Iranian Court Sentences Two Baha'i Women To New 10-Year Prison Terms


Two well-known leaders of the Baha'i community in Iran who had already served decade-long prison terms have been handed new 10-year sentences, the Baha'i International Community (BIC) said.

The BIC said in a statement released in Geneva on December 11 that the women, Mahvash Sabet Shahriari and Fariba Kamalabadi, received the additional sentences in "an unbelievable injustice" following an hour-long trial held on November 21.

Sabet Shahriari, 69, and Kamalabadi, 60, were arrested in July at the beginning of a new wave of repression against Iran's Baha'i community.

Sabet Shahriari and Kamalabadi are well-known leaders of the Baha'i community. They were released in recent years from prison after serving 10 years on charges of acting against Iran's national security, collaboration with foreign countries, and "corruption on Earth," among other things.

In July 2022, Iranian security agents raided the homes of dozens of Baha'i citizens in different parts of the country, arresting several well-known community leaders, charging many with "spying for Israel."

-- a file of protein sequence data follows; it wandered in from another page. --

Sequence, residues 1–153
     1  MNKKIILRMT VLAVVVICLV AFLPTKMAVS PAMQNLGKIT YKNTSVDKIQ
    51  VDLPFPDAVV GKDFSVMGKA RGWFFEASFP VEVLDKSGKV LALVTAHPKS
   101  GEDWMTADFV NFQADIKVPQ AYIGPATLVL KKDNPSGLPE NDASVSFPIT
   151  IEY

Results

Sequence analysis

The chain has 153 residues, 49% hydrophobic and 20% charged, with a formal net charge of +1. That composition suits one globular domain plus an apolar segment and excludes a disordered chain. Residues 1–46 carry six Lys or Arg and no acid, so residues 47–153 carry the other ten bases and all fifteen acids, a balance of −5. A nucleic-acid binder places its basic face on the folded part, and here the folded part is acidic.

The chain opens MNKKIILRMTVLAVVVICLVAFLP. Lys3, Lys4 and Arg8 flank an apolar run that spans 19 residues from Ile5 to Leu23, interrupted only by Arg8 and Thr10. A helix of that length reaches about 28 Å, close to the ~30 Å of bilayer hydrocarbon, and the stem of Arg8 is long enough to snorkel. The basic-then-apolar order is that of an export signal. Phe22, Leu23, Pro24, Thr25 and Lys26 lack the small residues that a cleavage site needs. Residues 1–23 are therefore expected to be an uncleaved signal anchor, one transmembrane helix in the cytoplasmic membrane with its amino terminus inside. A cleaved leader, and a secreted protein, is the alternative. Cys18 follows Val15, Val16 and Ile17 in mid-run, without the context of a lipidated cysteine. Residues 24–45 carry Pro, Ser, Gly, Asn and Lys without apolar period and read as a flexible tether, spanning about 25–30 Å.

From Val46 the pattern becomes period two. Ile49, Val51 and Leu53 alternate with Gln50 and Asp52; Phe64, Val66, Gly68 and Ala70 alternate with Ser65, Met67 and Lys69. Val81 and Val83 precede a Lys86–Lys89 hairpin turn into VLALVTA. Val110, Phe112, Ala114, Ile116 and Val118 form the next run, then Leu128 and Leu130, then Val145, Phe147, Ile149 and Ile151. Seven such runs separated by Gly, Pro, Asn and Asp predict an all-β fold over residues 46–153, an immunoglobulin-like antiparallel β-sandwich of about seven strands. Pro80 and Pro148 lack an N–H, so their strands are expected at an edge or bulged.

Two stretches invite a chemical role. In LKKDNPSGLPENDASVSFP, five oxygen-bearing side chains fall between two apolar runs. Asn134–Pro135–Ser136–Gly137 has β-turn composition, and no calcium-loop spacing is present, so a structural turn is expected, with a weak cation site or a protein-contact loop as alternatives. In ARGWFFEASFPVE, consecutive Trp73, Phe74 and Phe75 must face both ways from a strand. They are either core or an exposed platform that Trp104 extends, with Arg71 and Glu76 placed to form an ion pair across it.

Sabet Shahriari and Kamalabadi were among those detained in the new wave of crackdowns.

In imposing the new sentences, Iman Afshari -- judge of the Revolutionary Court -- assailed the two women for "not having learned from their previous imprisonment."

Iran accuses Baha’is of having links to Israel, where the city of Haifa hosts a center of the Baha’i faith. Baha’i leaders reject the allegations and say they are used as a pretext to persecute members.

Baha'is -- who number some 300,000 in Iran and have an estimated 5 million followers worldwide -- say they face systematic persecution in Iran, where their faith is not officially recognized in the constitution.

Supreme Leader Ali Khamenei has on several occasions called the Baha'i faith a cult and in a religious fatwa issued in 2018 forbade contact, including business dealings, with followers of the faith.

Since the Islamic republic of Iran was established in 1979, hundreds of Baha'is have been arrested and jailed for their beliefs. At least 200 have been executed or were arrested and never heard from again.

Thousands more have been banned from receiving higher education or had their property confiscated, while vandals often desecrate Baha'i cemeteries.

Human rights defenders and international organizations have called the Islamic Republic's treatment a "systematic violation of human rights," citing widespread detention and harsh sentences against Baha'i citizens.

With reporting by AFP